Last week my children’s school had an ‘Independence Week’ where we had to practice dropping the children off at the front door and sending them in on their own. I noticed some children skipping and singing their way through the front door, but others that were not. My children I’m sad to say were the latter, and clung to my legs begging me to take them into their classrooms. I went to a seminar by the wonderful doctor Dr Maryhan Baker on anxiety in children, and I learnt so much. I know it’s never easy, but she’s done a little post for us on steps you can take to make drop-off a little bit less stressful for everyone involved. 

Nothing pulls at our heartstrings more than an unhappy child who needs to be peeled off us to go into school. Whilst separation anxiety is a normal part of children’s development, if you are a parent with a child who sobs every morning when you drop them at school, it can be soul destroying.

However, all is not lost. These five simple techniques should equip your child with the skills they need to overcome their anxieties, making saying those morning good-byes much more stress-free.

Take your own angst out of the equation

You cannot expect your child to be confident saying good-bye to you if you are harboring any sort of guilt and angst yourself. So it is important to remind yourself that your child’s separation anxiety is a normal part of their development. It does not reflect poor parenting and will not cause any psychological harm to them in the future.

With your own angsts in check you can ensure your good-byes are short and sweet, with no unnecessary lingering, which will make the process of saying good-bye much kinder to your child.

Problem solve your own good-bye routine

Find a neutral time to discuss your child’s separation anxiety with them. You might start the conversation by saying “I’ve noticed you get very upset when you have to say good-bye to me at school. I can see how sad and upset it makes you feel, so I wanted to talk to you about how we might make it easier for you to say goodbye to me in the morning”. Then encourage your child to discuss possible solutions to the problem with you, so you can create your own unique ‘good-bye routine’.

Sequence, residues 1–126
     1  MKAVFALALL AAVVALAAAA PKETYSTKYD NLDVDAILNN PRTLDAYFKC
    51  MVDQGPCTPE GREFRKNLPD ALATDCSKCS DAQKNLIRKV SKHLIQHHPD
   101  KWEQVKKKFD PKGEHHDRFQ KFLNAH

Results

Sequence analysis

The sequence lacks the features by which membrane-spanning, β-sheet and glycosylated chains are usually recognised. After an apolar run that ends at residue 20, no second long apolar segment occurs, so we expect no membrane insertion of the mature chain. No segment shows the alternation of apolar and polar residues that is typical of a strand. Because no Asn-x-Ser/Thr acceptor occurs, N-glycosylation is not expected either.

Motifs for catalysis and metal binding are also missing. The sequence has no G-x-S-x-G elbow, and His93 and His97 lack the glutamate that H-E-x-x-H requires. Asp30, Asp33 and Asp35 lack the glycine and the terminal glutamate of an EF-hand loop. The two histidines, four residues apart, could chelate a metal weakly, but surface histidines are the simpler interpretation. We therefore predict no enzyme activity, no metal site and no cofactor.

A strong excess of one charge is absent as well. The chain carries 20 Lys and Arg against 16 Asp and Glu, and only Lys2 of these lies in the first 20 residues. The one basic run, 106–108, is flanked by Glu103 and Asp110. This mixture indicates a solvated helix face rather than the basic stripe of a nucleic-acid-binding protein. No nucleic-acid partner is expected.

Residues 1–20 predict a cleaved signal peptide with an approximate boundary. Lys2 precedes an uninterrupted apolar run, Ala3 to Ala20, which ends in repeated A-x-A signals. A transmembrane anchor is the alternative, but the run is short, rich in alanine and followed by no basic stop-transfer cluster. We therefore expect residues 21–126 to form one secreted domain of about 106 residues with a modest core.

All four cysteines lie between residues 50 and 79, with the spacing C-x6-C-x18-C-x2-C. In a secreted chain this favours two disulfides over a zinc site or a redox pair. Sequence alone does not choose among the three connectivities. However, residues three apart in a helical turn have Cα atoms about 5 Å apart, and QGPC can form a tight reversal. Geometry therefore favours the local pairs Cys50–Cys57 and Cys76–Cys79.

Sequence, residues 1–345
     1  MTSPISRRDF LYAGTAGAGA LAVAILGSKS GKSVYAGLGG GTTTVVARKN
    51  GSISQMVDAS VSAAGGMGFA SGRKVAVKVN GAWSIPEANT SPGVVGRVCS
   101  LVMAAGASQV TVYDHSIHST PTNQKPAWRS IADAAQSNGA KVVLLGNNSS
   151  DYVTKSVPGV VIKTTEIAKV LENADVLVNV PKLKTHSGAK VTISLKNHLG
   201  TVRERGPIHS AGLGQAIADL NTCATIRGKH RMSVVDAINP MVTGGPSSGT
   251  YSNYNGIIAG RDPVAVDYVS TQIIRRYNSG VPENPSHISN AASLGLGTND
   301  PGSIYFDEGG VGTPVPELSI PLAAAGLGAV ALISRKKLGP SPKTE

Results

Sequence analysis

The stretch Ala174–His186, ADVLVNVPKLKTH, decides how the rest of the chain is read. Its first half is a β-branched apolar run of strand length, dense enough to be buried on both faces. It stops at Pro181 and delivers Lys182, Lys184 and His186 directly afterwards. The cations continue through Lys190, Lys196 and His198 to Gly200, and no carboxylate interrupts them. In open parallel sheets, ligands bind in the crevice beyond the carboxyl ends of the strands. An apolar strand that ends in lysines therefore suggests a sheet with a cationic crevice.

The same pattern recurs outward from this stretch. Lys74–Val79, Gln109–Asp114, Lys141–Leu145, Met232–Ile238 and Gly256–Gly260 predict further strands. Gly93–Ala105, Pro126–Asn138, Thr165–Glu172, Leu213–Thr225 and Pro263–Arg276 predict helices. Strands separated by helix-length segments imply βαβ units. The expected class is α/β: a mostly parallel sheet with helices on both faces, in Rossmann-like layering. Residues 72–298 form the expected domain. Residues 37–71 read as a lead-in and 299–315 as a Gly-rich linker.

If your child finds it hard to get started give them some options “would you prefer me to put your bags on the peg and then kiss you goodbye, or should I say goodbye outside the cloakroom?”

Practice makes perfect

Once you have set up your good-bye routine it is always helpful to practice at home. It’s fun to start by asking your child to play ‘mummy’ and you can be them. You can then role-play arriving at school and following your agreed routine before swapping over and asking your child to try.

This gives you a chance to ‘iron-out’ any crinkles in the routine and reinforce it with your child, so it seems much less daunting when they have to do it for real.

Consistency is key

Make it easier for your child to carry out your new good-bye routine by applying the routine consistently each and every day. Go through each step of the routine in the same way, say good-bye at the same spot, use the same phrases, and keep the parting short and sweet. Your child will gain a great sense of security from this new routine and over time their confidence will grow enabling them to go into school independently.

Once your child is regularly going into school with no tears, you can gradually change the routine so they have more and more independence.

Praise their efforts

Through out this process always acknowledge how your child feels whilst telling them you have every confidence in their ability to see the routine through. Praise every small step towards the end goal, so your child knows you aware of how hard they are trying. You might say something along these lines “I noticed how difficult you found it to say goodbye to me this morning, but I am so proud you took a deep breath and waved goodbye. You showed me how hard you have been working on saying goodbye to me without crying”

By praising all your child’s efforts rather than focusing on the final outcome, you will boost their confidence and build up their self-belief.

Article by Dr Maryhan Baker